Dr. Regina Nuzzo is a freelance science writer and professor in Washington, DC. After studying engineering as an undergraduate she earned her PhD in Statistics from Stanford University. Currently she’s teaching statistics in American Sign Language at Gallaudet University, the world’s only liberal arts college for deaf and hard-of-hearing students.
Dr. Nuzzo is also a graduate of Science Communication program at the University of California-Santa Cruz. Her science journalism specialties center around data, probability, statistics, and the research process. Her work has appeared in Nature, Los Angeles Times, New York Times, Reader’s Digest, New Scientist, and Scientific American, among others. You can read some of her writing here.
Dr. Nuzzo has been invited to speak to a variety of audiences about her work, such as why we just can’t understand p-values, how our brain can fool us during data analysis, what happens when people abuse and misuse statistics, and tips and tricks for communicating anything with numbers and statistics. You can read more about some of her talks here.
PhD in Statistics
Graduate Certificate, Science Communication
University of California-Santa Cruz
BS in Industrial Engineering
University of South Florida
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See the CV for a complete list.
See the CV for a complete list.
I started tutoring when I was 13 and haven’t really stopped since. As a graduate student I was involved in TA training and co-taught a stats course in the med school. As a professor I’ve taught a variety of courses, from freshman intro stats to applied stats for clinical psychology doctoral students. I love creative approaches to teaching. These days I’m mostly using a flipped-classroom approach with just-in-time teaching, plus multi-stage cooperative exams.
I’m a graduate of the University of California-Santa Cruz science writing program and have been a freelance science journalist since 2006. I’ve written about everything from humans’ head lice to horses’ nasal breathing strips, from the neuroimaging of criminal recidivism to the neuroscience of orgasms, from penises to p-values. My latest project involved teaming up with an artist to develop an illustrated feature about statistical issues in forensic science.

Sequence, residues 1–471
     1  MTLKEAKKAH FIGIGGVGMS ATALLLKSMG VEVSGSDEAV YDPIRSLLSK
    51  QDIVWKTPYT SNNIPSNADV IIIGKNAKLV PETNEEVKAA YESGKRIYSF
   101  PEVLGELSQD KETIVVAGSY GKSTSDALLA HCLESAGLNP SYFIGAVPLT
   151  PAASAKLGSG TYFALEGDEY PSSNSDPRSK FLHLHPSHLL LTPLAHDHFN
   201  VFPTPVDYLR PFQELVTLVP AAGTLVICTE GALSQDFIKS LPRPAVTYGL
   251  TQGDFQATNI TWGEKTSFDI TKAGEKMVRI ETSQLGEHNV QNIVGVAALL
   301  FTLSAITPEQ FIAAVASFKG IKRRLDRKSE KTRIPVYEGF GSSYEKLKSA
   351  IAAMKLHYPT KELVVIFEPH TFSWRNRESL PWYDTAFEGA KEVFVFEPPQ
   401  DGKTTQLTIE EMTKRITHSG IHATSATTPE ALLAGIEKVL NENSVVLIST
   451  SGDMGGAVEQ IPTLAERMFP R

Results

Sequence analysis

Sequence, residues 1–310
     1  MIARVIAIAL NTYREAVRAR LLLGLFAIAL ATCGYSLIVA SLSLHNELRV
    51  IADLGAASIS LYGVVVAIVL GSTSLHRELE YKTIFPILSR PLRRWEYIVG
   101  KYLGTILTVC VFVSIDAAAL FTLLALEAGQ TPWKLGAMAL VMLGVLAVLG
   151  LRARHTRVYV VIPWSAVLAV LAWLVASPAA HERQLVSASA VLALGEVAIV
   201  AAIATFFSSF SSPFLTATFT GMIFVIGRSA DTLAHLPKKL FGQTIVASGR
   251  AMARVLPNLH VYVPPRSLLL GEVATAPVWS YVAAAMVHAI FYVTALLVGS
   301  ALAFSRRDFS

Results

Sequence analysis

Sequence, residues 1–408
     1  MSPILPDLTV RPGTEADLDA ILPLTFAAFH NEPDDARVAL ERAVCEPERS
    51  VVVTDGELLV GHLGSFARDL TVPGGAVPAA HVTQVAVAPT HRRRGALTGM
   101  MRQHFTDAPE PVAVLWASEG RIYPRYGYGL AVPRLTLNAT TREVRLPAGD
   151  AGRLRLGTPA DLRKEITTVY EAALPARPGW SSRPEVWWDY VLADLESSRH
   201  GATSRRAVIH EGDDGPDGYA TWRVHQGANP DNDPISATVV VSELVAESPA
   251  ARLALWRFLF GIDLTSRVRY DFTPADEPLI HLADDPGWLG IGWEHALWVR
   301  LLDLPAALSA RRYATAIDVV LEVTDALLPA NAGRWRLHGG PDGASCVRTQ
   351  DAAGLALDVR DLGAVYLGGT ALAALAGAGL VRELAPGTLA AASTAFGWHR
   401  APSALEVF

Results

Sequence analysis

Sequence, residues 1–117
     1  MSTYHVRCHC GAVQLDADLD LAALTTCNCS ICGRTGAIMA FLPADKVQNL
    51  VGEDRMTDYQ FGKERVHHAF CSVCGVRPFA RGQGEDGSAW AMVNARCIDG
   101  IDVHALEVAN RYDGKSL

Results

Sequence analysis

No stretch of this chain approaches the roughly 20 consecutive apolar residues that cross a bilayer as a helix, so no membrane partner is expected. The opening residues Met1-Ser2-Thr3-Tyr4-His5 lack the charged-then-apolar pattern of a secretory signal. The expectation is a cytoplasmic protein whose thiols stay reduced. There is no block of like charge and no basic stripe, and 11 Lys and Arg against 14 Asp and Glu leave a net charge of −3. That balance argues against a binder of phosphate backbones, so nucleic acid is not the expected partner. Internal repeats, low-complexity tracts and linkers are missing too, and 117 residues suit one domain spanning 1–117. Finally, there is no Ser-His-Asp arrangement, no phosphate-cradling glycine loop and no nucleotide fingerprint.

I’ve given more than three dozen talks on p-values, cognitive biases during the research process, quantitative communication, and what journalists need to know about statistics. In May 2018 I gave a keynote at the American Association for Public Opinion Research conference, and in August I gave a plenary at the American Psychological Association convention. In March 2019 I will give a keynote at Eurostat’s New Techniques and Technologies for Statistics conference in Brussels.
My Ph.D. is in statistics, and I love how stats is both the gas pedal and the brake in the scientific progress machine. Most people think of statistics as just numbers, or formulas, or maybe even methods – but I see statistics as a philosophy and outlook on the world.
I try to give my students and the journalists I consult for an appreciation for mucking around in the data. I’m enthusiastic about modern tools for teaching data analysis, and I use R Notebooks for teaching whenever I can.
I use a cochlear implant, which I’ve affectionately named “Tiny,” short for “Tiny Brain Computer.” Without it, I’m deaf. I got Tiny as an adult, after I’d already been missing a sizeable chunk of my hearing since birth. So my brain has had to learn how to hear many sounds for the first time. Adult neuroplasticity is amazing. Curious? You can read some descriptions here.